The average gamer will enjoy the fact that the Chromecast Ultra is a much lower barrier to entry than a $200-$500 game system.... and theoretically they don't have to worry about starting over with games. Basically, from a general consumer standpoint, it tries to roll some of the best aspects of PC and Console gaming into one. The average gamer doesn't care about the FPS drop that the Hardcore gamers do. Custom built PCs aren't going anywhere for a while, but it will become a much smaller market if streaming ends up being successful (and doesn't get killed by the ISPs)
bird_or_cage 22 July 2019 at 12:13 pm UTC
Nevertheless
elmapul
ixnari
JaromirIt is always funny to read the random comments.

The team at Google Stadia mentioned that privacy will be “at the user's control".

Oh
, I'm sure.

so what? they will know that i'm a bad player? who cares.
when it comes to voice patterns, video patterns or knowing who i'm friend with, i can see how this could be used for evil purposes.

but spying on me while i play? why is that an issue? how can this be used for "evil" purposes?

Like I said before, because you're feeding proprietary AIs, training them manipulating people.
Would you think watching human problem solving, or even human responses to enotional dilemmas might be useful for that?
It is just crazy when one entity can examine most of your life, they know where you are (maps), what are you speaking about with which people (messages, allo, gmail), what do you think is important (calendar, keep, drive, docs), what are you interested in (search, youtube) and now also - what and how do you play. Surely there are some things I forgot to mention.

Are you comfortable with someone knowing you better that your wife, mother and physiologist together and keeping your full profile in "mind" at all times? I am definitely not.
I do use some google services, an Android phone, and maybe I will play one or two games with Stadia, but I am definitely keeping most data outside such companies.
If they want my data, I am open to a commercial proposal (which I will most likely decline, it`s just weird that they (edit: Google) expect everyone to give them everything for free... on the other side, people expect an email service to be free these days, so I guess they are even).


Last edited by bird_or_cage at 22 July 2019 at 1:17 pm UTC
Nevertheless 22 July 2019 at 1:12 pm UTC
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bird_or_cage
Nevertheless
elmapul
ixnari
JaromirIt is always funny to read the random comments.

The team at Google Stadia mentioned that privacy will be “at the user's control".

Oh
, I'm sure.

so what? they will know that i'm a bad player? who cares.
when it comes to voice patterns, video patterns or knowing who i'm friend with, i can see how this could be used for evil purposes.

but spying on me while i play? why is that an issue? how can this be used for "evil" purposes?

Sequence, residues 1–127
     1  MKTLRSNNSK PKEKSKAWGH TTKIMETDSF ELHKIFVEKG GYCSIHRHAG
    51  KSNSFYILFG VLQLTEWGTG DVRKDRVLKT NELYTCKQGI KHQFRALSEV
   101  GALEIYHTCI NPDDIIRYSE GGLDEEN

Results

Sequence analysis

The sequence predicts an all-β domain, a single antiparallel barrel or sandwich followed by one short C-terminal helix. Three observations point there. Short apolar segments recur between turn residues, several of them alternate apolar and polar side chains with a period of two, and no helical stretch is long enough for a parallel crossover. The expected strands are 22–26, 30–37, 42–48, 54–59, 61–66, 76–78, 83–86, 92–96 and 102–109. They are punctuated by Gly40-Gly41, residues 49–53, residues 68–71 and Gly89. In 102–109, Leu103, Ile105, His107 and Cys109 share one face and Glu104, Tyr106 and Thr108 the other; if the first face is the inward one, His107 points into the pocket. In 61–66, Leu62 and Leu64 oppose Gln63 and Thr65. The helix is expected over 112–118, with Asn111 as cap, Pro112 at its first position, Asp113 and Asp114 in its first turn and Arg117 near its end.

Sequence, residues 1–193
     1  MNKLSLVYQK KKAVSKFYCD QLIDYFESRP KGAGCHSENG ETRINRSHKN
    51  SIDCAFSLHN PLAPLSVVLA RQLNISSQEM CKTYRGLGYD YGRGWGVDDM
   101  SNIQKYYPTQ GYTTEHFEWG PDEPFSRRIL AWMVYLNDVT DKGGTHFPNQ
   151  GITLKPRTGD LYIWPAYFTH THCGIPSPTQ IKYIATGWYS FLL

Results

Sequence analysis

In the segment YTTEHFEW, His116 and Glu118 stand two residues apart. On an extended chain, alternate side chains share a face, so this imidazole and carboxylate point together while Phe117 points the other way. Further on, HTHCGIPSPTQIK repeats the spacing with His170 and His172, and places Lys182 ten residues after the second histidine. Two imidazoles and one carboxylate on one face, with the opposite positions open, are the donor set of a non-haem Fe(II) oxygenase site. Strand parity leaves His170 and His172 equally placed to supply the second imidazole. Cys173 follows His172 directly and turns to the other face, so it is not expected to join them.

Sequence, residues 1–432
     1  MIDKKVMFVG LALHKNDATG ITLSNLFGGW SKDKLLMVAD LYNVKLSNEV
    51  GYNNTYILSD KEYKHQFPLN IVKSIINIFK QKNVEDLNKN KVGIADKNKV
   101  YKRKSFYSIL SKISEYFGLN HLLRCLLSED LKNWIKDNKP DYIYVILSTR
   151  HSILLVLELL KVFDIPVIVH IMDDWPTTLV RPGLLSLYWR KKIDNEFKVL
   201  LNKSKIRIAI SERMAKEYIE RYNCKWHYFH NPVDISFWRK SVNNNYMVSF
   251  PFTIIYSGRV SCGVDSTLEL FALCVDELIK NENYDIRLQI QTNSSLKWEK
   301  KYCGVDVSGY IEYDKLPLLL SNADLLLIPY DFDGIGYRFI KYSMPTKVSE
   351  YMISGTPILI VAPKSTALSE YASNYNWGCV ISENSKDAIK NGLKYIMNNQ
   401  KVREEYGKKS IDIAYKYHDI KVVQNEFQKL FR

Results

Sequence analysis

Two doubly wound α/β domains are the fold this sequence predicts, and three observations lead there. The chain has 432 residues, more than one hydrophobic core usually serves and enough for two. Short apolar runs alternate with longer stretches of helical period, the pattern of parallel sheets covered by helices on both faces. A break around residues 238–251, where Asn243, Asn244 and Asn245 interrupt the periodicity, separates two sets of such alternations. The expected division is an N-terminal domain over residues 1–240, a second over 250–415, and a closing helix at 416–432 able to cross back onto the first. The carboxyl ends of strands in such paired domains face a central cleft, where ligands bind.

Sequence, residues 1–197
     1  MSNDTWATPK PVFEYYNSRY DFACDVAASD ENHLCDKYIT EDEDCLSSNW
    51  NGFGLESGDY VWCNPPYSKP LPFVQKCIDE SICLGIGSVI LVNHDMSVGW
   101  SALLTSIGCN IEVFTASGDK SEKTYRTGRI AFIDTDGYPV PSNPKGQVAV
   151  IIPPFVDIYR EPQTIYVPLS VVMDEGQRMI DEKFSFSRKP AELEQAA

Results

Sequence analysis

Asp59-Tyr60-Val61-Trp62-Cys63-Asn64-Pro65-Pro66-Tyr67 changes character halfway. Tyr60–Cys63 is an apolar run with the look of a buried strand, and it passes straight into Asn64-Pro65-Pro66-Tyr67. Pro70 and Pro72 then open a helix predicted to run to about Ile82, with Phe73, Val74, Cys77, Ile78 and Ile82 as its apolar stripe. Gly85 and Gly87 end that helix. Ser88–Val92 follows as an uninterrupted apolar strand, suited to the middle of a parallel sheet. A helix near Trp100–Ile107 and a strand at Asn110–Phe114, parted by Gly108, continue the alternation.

Like I said before, because you're feeding proprietary AIs, training them manipulating people.
Would you think watching human problem solving, or even human responses to enotional dilemmas might be useful for that?
It is just crazy when one entity can examine most of your life, they know where you are (maps), what are you speaking about with which people (messages, allo, gmail), what do you think is important (calendar, keep, drive, docs), what are you interested in (search, youtube) and now also - what and how do you play. Surely there are some things I forgot to mention.

Are you comfortable with someone knowing you better that your wife, mother and physiologist together and keeping your full profile in "mind" at all times? I am definitely not.
I do use some google services, an Android phone, and maybe I will play one or two games with Stadia, but I am definitely keeping most data outside such companies.
If they want my data, I am open to a commercial proposal (which I will most likely decline, it`s just weird that they expect everyone to give them everything for free... on the other side, people expect an email service to be free these days, so I guess they are even).

You're right. Nothing even could be free with Google!
kaiman 22 July 2019 at 6:28 pm UTC
NeverthelessLike I said before, because you're feeding proprietary AIs, training them manipulating people.
Not too unlikely. A lot more is to be gained from harvesting lengthy game play sessions than from occasionally being forced to solve one of Google's stupid captchas.

elmapulwhat scary me the most is that Stadia is powered by Linux, and if we ever enter an world where the standartd is gaming without preservation of old games, gaming without the freedom of mods to makew your own maps, characters etc. it will be google and linux fault that we were able to reach that world.
That came up in my mind as well, but I quickly decided to not pursue that train of thought. As with a lot of technologies, there's the potential for abuse, but that's not to say that the technology in question isn't doing more good than evil overall. And with Linux, there's no doubt about that.

But perhaps that's pointing to the issue with the (current) GPL losing its edge in a world of cloud-computing. It's not unheard of developers to move to more restrictive licenses because of cloud companies reaping the benefits of some open source product or other without giving anything back in return.

TBH, right now I'm fairly skeptical whether anything Google does to enable Stadia will make its way back to improve gaming on the Linux desktop. But hey, I don't mind being proven wrong :-).


Last edited by kaiman at 22 July 2019 at 6:29 pm UTC
sarmad 22 July 2019 at 11:57 pm UTC
I guess with modern day's trend of hating real life friends and preaching for everyone to lock down their doors and play online alone with no option of split screen, Stadia will give those people who still have real friends a chance to once again play together on the same couch. I'm pretty sure there will be A LOT of people who would prefer to play Fortnite on Stadia rather than any other platform despite the possible latency. Sony and Microsoft will feel the pain now for not paying attention to the importance of split screen.
Modanung 24 July 2019 at 11:11 pm UTC
Don't let them into your head.